By Heba Afify
CAIRO: Opposition leaders said they expected foul play in the upcoming parliamentary elections and outlined their strategy to counter it during a conference held on Monday under the slogan “Elections in the Dark.”
The conference was held by the National Association for Change at Al-Ghad Party’s headquarters.
Wael Nawara, vice president of Al-Ghad Party, said that the recent crackdown on opposition media shows that the regime wants to practice its politics in the dark where people are blindfolded and gagged.
Nawara justifies the party’s decision to boycott the elections by saying it will be based on corruption.
“The regime is inviting us to participate in elections that are controlled by cheap deals that are made in the dark, and by appointments which are in fact bribes to get the political powers to condone the regime’s inheritance plans,” said Nawara.
Ayman Nour, head of Al-Ghad Party, said that there are many indications showing that the regime does not intend to hold honest elections.
Nour said that the nature of the upcoming elections has been decided since the constitutional amendments in 2007, which eliminated judicial supervision.
He added that the regime declined the European Parliament’s request to monitor the elections.
“The regime insists on closing all doors and windows so that it can have the elections the way it wants, and decide the results the way it wants too,” said Nour.
Nour warned that the regime’s approach will lead to violence at the polls, in what he referred to as “an electoral joke.”
“The picture is dark, the elections are in the dark, Egypt is in the dark, and it will only be lit by freedom and democracy,” Nour said.
Abdel Gelil Mostafa, general coordinator of the National Association for Change, said that the association’s struggle against the regime is not an easy one but that they will not stop regardless of the difficulties.
“The regime is blocking all the sources of light so that its crimes can be done in secrecy, but we have the power to uncover them,” said Mostafa.
Mohamed Al-Beltagy, Muslim Brotherhood MP, said that the regime is putting out all the sources of light one after the other starting from the elimination of judiciary supervision in 2007 to the restrictions imposed on the media, which confirms its intention to forge the elections.
“If you’re having a wedding, you invite people to attend it, but if you’re having a scandal, that’s when you try to hide it,” says Al-Beltagy.
Ahmed Shaaban, co-founder of Kefaya, said that the movement has decided to boycott the elections because all the indications, citing forging student elections and the restrictions imposed on the media.
Shaaban called the upcoming elections “a democratic disaster” and promised that the opposition will keep fighting it.
“The government won’t be able to stop the current of change, the bullet of change was fired and it will never go back,” said Shaaban.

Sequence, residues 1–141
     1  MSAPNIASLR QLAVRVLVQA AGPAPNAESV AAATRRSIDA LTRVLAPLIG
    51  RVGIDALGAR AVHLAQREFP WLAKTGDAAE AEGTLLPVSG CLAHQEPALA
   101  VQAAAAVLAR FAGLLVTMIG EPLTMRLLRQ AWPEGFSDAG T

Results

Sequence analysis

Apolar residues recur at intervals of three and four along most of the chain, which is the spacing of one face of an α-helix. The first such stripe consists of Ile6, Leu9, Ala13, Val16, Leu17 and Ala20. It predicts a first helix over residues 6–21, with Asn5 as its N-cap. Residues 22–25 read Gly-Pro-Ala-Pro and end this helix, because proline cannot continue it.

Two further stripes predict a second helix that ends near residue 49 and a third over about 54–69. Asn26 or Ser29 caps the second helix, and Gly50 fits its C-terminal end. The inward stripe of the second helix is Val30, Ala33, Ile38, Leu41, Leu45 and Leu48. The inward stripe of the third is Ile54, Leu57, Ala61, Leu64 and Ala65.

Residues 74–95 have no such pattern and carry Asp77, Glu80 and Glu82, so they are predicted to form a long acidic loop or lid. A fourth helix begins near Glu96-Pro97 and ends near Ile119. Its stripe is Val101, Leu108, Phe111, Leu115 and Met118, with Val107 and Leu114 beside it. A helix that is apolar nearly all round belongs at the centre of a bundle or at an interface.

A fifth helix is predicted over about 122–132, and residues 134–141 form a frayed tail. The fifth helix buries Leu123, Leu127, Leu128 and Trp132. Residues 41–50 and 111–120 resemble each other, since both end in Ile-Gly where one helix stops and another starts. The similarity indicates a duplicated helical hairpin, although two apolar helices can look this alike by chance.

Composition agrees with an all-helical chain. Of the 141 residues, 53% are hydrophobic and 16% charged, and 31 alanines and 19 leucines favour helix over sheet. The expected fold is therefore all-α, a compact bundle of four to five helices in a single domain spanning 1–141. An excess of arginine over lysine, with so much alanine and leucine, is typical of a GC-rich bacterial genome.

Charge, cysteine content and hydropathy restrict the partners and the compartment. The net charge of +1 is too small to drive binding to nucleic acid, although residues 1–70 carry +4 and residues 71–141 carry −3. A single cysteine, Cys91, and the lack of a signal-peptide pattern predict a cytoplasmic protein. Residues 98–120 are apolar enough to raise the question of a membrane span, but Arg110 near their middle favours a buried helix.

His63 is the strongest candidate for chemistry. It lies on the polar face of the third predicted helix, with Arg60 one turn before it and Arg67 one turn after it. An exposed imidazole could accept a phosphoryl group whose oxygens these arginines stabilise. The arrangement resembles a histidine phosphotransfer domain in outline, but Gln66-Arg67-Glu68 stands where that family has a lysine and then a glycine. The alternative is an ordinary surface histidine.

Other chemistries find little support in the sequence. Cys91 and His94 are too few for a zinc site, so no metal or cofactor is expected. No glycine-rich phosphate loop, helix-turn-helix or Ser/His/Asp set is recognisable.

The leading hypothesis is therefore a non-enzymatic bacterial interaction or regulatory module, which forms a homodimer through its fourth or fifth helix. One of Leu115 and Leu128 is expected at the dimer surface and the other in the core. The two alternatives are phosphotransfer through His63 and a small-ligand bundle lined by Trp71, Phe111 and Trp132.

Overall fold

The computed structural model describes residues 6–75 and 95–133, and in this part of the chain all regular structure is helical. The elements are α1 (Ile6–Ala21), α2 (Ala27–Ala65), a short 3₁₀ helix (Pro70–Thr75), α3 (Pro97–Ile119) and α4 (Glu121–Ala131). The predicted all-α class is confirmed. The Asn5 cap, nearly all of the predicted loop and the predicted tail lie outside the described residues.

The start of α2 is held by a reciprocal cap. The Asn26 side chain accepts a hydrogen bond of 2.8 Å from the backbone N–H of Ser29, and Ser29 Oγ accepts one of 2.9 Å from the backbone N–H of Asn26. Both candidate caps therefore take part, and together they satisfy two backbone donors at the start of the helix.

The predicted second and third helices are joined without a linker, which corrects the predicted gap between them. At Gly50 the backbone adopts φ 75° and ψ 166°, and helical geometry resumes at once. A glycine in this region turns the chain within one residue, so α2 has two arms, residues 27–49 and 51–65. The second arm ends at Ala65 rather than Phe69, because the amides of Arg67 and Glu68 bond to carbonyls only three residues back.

Tarek Al-Awady, lawyer and member of the National Association for Change, said that the slogan of the conference — “Elections in the Dark” — is an understatement.
“This is a complete criminal scheme that aims at forging the will of the people, with an audacity that Egypt has never witnessed before,” said Al-Awady.
Al-Awady added that opposition leaders need to take measures to expose this “crime” which victimizes not only opposition candidates but all Egyptians.
Political activist Karima Al-Hefnawy, says that the crackdown on the media is aimed at making the elections period a “smooth period during which only the government’s spokespeople can talk.”
She said that the government has intensified its efforts to hold the elections in the dark because of the increased foreign and local attention it is attracting.
“They think that they can control us like before, but times have changed and they can’t cover up their scandals anymore,” said Al-Hefnawy, “We will boycott the elections, we will monitor it closely and expose the corruption to prove our point of view.”
Journalist Nour El-Hoda Zaki said that the upcoming elections can earn Egypt an international record.
“This is the first time in Egypt and the world that people are sure that the elections will be forged, even before it begins,” said Zaki.
Egyptian intellectual Ammar Ali Hassan announced that the National Association for Change will form a committee that will expose the corruption of the parliamentary elections, despite the limitations on the media.
“If cameras will be banned and the media will be restrained, then this is the age of the citizen journalist,” said Hassan.
Hassan said that the association will use mobile phone cameras, testimonials from eyewitnesses and information from the electoral committees’ delegates to document any foul play that takes place during the elections.
Hassan added that the association will receive help from members of the National Democratic Party itself who didn’t receive the party’s nomination and who have helped the association before with testimonials and documents.
“We will present the evidence that we will collect at the right time to the judicial system and to international players to discredit the next parliament,” said Hassan.